Storage: a little chest-freezer, and a plastic bin in the fridge for the defrosted stuff. i clean it every couple od days when i think about it. no big deal, no human food touches it.
Buying meats: i found a couple of butchers who have good prices on staples like beef heart, organ meats, ground beef, & goat. Green tripe i buy from holistic petstore. I check the weekly sales flyers for good deals on turkey, chicken and pork. Eggs are always cheap and i stock up on canned fish at the dollar store. My dogs rarely like raw fish, so i've stopped buying it. I also add plain yogurt, cottage cheese, olive oil, canned dog food, etc to the diet. And because i believe variety is the key to a healthy diet, my girl often gets a frozen whole-wheat bagel or slice of bread to snack on, sometimes with peanut-butter or cream cheese. Both dogs looove this oh and a couple times per week they get plate leftovers like pasta, soup, meat bits, cheese etc mixed in their dinners.
some dogs like their meats lightly seared, or room temp, or semi-frozen, or completely frozen. The warmer the weather, the colder they like their food. really up to you to experiment in what your dog likes, it's really fun too.
And for those who think all this is time-consuming... Once per month, it takes me 30 mins for a round-trip to the butcher's, and another 2 minutes to dump everything in the freezer. About 4 times/ week, before going to bed, i pull out stuff and let defrost in a big bowl on the counter overnight. Breakfast = select a piece of meat/ meaty bone, drop in dog's bowl, put bowl down, store the rest in the plastic bin in the fridge, wash hands.
OK i'm sure you have questions, i don't have time right now to write a book, LOL - ask away!
Hey I see you are an akita lady. Me too. This is my second one and nothing like my first one. Just like people, different huh.
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  #10  
Old March 18th, 2011, 07:19 PM
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Sow let me see if I get the point: clean well the raw, select the kind and amount of bones and let them accustom to eat slowly raw food and all everything will going to be just fine is that all for begining?

Is there any age to start or can I started to feed in any time?
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  #11  
Old March 18th, 2011, 07:42 PM
SamIam SamIam is offline
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Some puppies are fed raw right from weaning at the breeder's. As long as the diet is carefully balanced to support health and growth you can start a puppy with no problems.
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Old March 18th, 2011, 10:10 PM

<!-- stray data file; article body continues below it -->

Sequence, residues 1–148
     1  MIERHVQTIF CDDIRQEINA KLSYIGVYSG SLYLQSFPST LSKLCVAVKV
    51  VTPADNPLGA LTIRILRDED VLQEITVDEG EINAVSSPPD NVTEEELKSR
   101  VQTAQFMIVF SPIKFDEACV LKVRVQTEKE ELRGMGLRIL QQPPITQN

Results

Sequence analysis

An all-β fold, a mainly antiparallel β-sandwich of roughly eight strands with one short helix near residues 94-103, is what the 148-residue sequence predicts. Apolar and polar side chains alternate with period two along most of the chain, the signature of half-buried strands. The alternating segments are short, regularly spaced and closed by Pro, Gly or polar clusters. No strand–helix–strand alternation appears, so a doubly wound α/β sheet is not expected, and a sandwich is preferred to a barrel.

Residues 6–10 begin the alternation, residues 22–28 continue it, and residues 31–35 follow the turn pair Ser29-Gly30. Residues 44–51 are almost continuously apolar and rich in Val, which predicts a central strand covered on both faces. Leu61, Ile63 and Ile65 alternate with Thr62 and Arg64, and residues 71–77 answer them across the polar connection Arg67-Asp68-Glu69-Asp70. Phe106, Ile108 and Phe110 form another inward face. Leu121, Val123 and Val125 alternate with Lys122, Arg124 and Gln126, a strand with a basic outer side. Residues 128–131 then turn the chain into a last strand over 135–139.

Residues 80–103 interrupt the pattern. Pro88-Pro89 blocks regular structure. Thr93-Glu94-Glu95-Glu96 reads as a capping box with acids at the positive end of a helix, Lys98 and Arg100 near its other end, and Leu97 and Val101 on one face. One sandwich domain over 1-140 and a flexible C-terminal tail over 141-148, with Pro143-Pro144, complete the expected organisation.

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Check out: www.rawmeatybones.com it has a lot of info on raw feeding which I used when i switched my guy to raw. A puppy can eat raw meat too, so can kittens. My sister's kittens have been raw fed since 4 months old.
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  #13  
Old December 11th, 2006, 01:06 PM
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new to raw diet, bloody stool!

Shilo was started on a raw diet 4 days ago. This morning he has a bloody poo. It is bloody as he is pushing I think. Any thoughts?

Blessings,
Tracey
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  #14  
Old December 11th, 2006, 01:13 PM
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ok, a bit of history. What have you been feeding for the last 4 days? What kinda pup are we talking about here?
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Old December 11th, 2006, 01:21 PM
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yes... how old is your dog, and what exactly has he eaten the past few days? anything besides raw (treats, sticks, cooked bones, etc)? how is his health otherwise? how is his poop? the more info you can give, the more we can help these things can and do happen, bright red blood is a sign of colon irritation of some sort and would require a day's fasting (if your dog is old enough) to give it a break and some time to recuperate. this also happens with kibble or eating all kinds of things, so don't panic
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  #16  
Old December 11th, 2006, 01:57 PM
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Have you fed any liver? Feeding too much liver too soon can create dark redish stool that may apear to be bloody.
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Please please please give Maggie the steak! Its not too big for her little mouth!

Their impression of power is remarkable. They give one the feeling of immense reserves of energy, of great reservoirs of knowledge, of tolerance of disposition, obstinacy of purpose, and tenacity of principle. They are responsive, and they have a lot of quiet, good sense.

-J. Wentworth Day, from The Dog in Sport, 1938
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  #17  
Old December 11th, 2006, 09:00 PM
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Thanks for your replies!

Shilo is a 16 week old miniature daschund cross. He has been VERY healthy so far. The poo is bright red, and is drops after some diarreah. It is mixed with mucous, and some runny stool.

He did have some liver last night, but this is blood. He has been eating chicken with crushed bone. Interestingly, he did pass a piece of plastic with
sharp edges, about the size of 1cm square. He has still had some bloody mucous since passing this. Otherwise he is happy, playing and being the adorable little brat that he is.

I hope this helps!

Blessings,
Tracey